Report: Interior Motives China Conference 2009 - Day 1Mon, 27 Apr 2009
Interior Motives returned once more to the exciting city of Shanghai for its second China design conference, themed ‘China: Changing the landscape of car design'. Held straight after the first Shanghai auto show press day - a day topped off by the Car Design Night, attended by some 300 or so designers - this two-day event saw 27 of the world's foremost car design experts and nearly 250 delegates gather together to debate the future of Chinese car design.
Session 1 - Harnessing design awareness
Tony Williams, UK design director of China's biggest carmaker, SAIC, kicked off the session by explaining how trend research was finding more savvy and confident Chinese consumers who want their character reflected in the products they buy and "cars they want rather than just need". He then went on to discuss which trends might play well in China, from the dominance of beige interiors to the possible emergence of darker ones, as featured on his MG6 show car.
Robert Walker, interior design manager for PSA Peugeot Citroen China followed this up by explaining why PSA had chosen to set up a studio in Shanghai, namely "to understand the Chinese market from the ground floor and make cars whose designs derive from China". Chery's director of styling, Li Chaunqun, talked primarily about the introduction of its new Riich brand. The final speaker in the first session, former Nissan Design Europe director Stephane Schwarz (and now with his own studio) started his presentation by emphasizing how diverse the country's regions are, and therefore how their needs vary. Products that shun complexity are the answer, as he put it: "The car should adapt to me, not other way round."
During the lively question and answer session that followed, Chery's Li Chuanqun gave valuable insight into how some local designers think, saying: "China has gone from a relatively closed world to a more open one, but there is a misconception from young Chinese designers that Western design is the modern way to go. When they see traditional Chinese references they somewhat look down on them... We need to bring the tools and processes from the West, but we want our Chinese nationals to draw on their own influence."
Session 2 - Research in China
First to speak was Lowie Vermeersch, design director of Pininfarina, who underlined the need to start research projects with a blank sheet of paper - a point he illustrated by leaving the three giant conference hall screens white for several seconds.
He also outlined how a culture of research needs to be ingrained in every company, but cautioned that creativity could not come from merely having a structured approach. As he said, "a too orderly process rules out random inspiration".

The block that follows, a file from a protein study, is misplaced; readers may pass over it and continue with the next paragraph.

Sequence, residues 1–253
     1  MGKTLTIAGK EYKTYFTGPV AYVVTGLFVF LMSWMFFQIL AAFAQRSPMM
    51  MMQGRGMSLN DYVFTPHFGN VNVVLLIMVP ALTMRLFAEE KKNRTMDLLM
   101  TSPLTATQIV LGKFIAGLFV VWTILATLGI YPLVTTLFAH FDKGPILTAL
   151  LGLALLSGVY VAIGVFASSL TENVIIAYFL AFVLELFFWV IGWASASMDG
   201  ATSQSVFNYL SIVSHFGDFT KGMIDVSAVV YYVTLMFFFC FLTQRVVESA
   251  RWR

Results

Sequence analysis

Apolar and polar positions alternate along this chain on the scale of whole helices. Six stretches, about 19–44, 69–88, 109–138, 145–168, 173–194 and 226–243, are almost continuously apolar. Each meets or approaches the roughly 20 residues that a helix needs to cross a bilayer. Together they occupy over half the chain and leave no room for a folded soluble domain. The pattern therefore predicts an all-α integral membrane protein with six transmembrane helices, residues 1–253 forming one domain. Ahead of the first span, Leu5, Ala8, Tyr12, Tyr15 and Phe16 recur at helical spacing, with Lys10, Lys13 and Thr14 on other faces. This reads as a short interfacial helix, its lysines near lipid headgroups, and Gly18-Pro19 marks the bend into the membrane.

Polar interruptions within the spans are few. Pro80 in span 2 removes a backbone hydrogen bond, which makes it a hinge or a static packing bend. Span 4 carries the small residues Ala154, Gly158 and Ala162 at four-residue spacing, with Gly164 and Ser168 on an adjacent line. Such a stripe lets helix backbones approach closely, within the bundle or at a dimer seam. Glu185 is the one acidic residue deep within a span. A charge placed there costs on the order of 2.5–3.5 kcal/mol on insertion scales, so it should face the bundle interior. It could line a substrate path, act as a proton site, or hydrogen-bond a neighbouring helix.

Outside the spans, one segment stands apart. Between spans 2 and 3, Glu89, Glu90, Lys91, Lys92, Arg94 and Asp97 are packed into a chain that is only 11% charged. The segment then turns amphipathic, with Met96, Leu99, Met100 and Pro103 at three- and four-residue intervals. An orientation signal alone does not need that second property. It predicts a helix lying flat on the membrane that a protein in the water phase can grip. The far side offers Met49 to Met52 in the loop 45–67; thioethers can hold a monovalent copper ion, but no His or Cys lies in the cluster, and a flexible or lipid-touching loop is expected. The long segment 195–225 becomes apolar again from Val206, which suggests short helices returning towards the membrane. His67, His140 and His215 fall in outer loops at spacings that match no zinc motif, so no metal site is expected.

The other main speaker in this session, Shizuki Kajiyama, design studio manager at Yanfeng Visteon in China, revealed research he had carried out with China Bridge International, 3M and Mankiewicz. He explained how various factors, ranging from enhanced national pride - via the success of the Beijing Olympics and the forthcoming 2010 Shanghai Expo - to the eco movement and increasing female presence in the workplace, could affect color choice and materials in car interiors. For each trend identified there was an interior rendering displayed on the big screens to show directly how its themes could translate - from high-contrast black-stained bamboo dashboard inserts for design-savvy types within the ‘Super modern China' trend, to bronze, brown and purple metallic color ways and tattoo-style etching for the grown-up ‘Feminine theme'. The sound of repeated camera clicks during this session gave a strong indication that the audience was paying close attention.
Chairperson for the session, Olivier Boulay, general manager of Daimler's new Advanced Design Center of China, kicked off the Q&A by suggesting that educators needed to do more to inspire Chinese designers. Kajiyama concurred, adding: "Westerners tend to be more self-promotional, but Chinese can be more shy, so a good manager or teacher needs to encourage them."
"To get inspiration they need to be exposed to stuff that can spark ideas between seemingly different things," pointed out Vermeersch "Things are changing here so fast, so the fundamentals are important to design research - like good foundations in a building. Then you can go as high as you want."
By Guy Bird